A lawsuit alleging that Louisiana’s state legislative maps also violate Section 2, Nairne v. Ardoin, has been paused for months. But lawyers in that case have already filed to have that pause lifted. Even local maps, like those adopted for school boards in East Baton Rouge and Jefferson parishes, could end up being redrawn.

While those legal battles will play out in the weeks and months to come, and it’s impossible to predict their outcomes, it appears likely that some of the historical wrongs that are embedded in Louisiana’s current maps and long history of racially motivated political disenfranchisement will be redressed to some degree through those upcoming legal proceedings. Those proceedings will also, hopefully, provide some amount of validation to those of us — citizens, advocates and legal experts — who went to special redistricting sessions and meetings at the state capitol and in local councils to argue that what Republican elected officials were doing was unconstitutional.

Maybe most importantly, the Allen decision maintains a sense that the people still have an outlet in this country to challenge injustice. That outlet is messy and imperfect and aggravating and long and winding and it often doesn’t even lead to a just outcome. But it can work sometimes. And we all need to be reassured that there are still norms in this country, that the rule of law can still be applied in an even-handed manner and that outright oppression and suppression can be successfully challenged.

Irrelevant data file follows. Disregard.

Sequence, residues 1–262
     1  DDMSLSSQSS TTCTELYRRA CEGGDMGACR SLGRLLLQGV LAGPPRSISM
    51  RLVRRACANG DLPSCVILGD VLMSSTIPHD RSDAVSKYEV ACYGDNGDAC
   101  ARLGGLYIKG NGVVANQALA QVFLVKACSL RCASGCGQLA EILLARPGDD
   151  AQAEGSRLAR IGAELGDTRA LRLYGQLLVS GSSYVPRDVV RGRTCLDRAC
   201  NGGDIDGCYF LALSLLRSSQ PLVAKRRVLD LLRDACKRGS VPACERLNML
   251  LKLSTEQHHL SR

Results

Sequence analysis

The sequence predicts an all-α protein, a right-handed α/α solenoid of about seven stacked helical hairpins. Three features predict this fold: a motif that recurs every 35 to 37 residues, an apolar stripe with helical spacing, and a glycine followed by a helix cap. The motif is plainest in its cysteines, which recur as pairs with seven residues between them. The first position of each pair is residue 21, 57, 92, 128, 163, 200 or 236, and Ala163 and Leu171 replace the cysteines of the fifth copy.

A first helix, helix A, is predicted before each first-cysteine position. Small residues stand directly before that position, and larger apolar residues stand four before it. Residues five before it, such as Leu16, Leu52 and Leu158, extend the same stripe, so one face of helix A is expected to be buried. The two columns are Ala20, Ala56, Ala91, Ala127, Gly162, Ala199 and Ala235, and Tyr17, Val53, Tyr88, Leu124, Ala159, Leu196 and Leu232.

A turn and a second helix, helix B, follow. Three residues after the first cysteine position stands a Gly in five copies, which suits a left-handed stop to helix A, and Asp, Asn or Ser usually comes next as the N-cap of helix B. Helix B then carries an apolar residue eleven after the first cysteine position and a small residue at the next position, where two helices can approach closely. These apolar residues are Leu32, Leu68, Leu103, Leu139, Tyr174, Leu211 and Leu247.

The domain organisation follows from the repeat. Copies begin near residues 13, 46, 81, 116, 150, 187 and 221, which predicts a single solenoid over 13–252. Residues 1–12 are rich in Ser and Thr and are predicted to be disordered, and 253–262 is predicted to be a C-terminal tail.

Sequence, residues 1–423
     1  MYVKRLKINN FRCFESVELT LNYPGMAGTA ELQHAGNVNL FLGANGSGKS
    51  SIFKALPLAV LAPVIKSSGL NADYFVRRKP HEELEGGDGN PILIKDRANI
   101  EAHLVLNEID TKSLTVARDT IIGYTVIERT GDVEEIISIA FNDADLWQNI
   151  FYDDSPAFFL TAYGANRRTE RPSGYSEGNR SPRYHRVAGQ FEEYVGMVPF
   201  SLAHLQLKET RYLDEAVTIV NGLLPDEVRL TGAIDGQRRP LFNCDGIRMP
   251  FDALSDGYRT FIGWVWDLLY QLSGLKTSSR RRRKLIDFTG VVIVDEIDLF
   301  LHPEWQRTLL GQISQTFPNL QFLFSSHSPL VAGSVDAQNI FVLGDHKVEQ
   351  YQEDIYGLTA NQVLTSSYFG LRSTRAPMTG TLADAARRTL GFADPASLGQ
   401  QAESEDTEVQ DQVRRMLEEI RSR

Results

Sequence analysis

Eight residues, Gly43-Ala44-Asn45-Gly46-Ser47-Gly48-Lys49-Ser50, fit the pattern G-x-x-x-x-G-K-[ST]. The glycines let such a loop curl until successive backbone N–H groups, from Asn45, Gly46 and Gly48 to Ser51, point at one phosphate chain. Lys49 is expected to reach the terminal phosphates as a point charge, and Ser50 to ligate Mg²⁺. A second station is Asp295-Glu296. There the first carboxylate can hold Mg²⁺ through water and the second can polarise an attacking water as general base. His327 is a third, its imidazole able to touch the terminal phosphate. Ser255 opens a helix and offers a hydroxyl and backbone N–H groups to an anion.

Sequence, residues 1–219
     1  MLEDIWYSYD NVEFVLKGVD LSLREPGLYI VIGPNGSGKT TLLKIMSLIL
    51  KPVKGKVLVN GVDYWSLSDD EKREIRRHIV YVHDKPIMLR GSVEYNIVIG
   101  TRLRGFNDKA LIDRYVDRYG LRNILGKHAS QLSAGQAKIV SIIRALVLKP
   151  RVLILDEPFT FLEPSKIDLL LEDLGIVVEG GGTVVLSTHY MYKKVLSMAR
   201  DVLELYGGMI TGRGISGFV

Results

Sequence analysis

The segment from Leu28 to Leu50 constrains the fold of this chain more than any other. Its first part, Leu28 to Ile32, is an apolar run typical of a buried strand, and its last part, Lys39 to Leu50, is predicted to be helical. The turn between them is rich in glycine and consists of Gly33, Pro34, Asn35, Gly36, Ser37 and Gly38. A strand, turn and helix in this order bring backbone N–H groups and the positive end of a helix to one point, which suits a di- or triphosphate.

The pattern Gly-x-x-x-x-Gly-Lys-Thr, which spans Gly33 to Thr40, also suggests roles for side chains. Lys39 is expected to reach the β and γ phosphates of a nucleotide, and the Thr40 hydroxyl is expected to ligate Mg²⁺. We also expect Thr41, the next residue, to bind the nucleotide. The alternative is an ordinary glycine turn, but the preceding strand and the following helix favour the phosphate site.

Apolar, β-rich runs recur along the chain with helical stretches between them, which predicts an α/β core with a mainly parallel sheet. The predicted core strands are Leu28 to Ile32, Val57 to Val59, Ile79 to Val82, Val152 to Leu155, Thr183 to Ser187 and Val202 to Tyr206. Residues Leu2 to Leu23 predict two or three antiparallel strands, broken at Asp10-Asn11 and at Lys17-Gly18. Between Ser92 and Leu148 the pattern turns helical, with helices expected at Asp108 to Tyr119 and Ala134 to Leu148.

At the same time, this ruling didn’t address some deep, persistent systemic problems with our democracy. As Roberts noted in his opinion, even under the current law that he and his colleagues protected, Section 2 lawsuits have “rarely been successful.” Section 5, the old preclearance standard, is still extinct. State and local governments across the country, but especially in the South, continue to pass laws and enact policies and procedures that directly or indirectly limit racial minority groups from fully participating in the political process.

The Allen decision will probably go down as one of the more historic rulings of Roberts’ tenure as chief justice. Its impact will reshape political maps in several states and, very likely, the entire country, since redrawing the relevant congressional maps could lead to a change in which party holds the majority in Congress. It also offers an incalculable sense of relief to the many millions of Americans who have lost, or were starting to lose, their faith in the country’s legal system.

There is still a long way to go on the road to true justice in this country. Thankfully, we took one major step along that road with this ruling. That favorable outcome was the result of exceptional advocacy by everyday citizens, hard-working organizers and talented attorneys. Every other major step toward justice will take that same type of partnership and effort. But the Allen decision shows us that if we fight, and if we work together, we can win.

Peter Robins-Brown is the executive director of Louisiana Progress.